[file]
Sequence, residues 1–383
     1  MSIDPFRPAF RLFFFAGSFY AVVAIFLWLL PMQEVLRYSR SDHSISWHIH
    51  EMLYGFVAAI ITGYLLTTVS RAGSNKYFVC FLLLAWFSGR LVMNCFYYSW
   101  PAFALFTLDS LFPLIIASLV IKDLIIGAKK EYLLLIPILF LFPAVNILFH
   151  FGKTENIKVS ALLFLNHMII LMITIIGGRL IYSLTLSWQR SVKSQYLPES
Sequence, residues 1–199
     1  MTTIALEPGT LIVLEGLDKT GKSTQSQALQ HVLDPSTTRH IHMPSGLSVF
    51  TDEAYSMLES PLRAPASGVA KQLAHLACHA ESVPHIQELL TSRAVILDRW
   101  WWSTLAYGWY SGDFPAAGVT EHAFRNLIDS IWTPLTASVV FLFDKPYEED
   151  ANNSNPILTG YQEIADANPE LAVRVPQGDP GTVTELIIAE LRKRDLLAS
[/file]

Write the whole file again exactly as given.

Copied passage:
Sequence, residues 1–383
     1  MSIDPFRPAF RLFFFAGSFY AVVAIFLWLL PMQEVLRYSR SDHSISWHIH
    51  EMLYGFVAAI ITGYLLTTVS RAGSNKYFVC FLLLAWFSGR LVMNCFYYSW
   101  PAFALFTLDS LFPLIIASLV IKDLIIGAKK EYLLLIPILF LFPAVNILFH
   151  FGKTENIKVS ALLFLNHMII LMITIIGGRL IYSLTLSWQR SVKSQYLPES
Sequence, residues 1–199
     1  MTTIALEPGT LIVLEGLDKT GKSTQSQALQ HVLDPSTTRH IHMPSGLSVF
    51  TDEAYSMLES PLRAPASGVA KQLAHLACHA ESVPHIQELL TSRAVILDRW
   101  WWSTLAYGWY SGDFPAAGVT EHAFRNLIDS IWTPLTASVV FLFDKPYEED
   151  ANNSNPILTG YQEIADANPE LAVRVPQGDP GTVTELIIAE LRKRDLLAS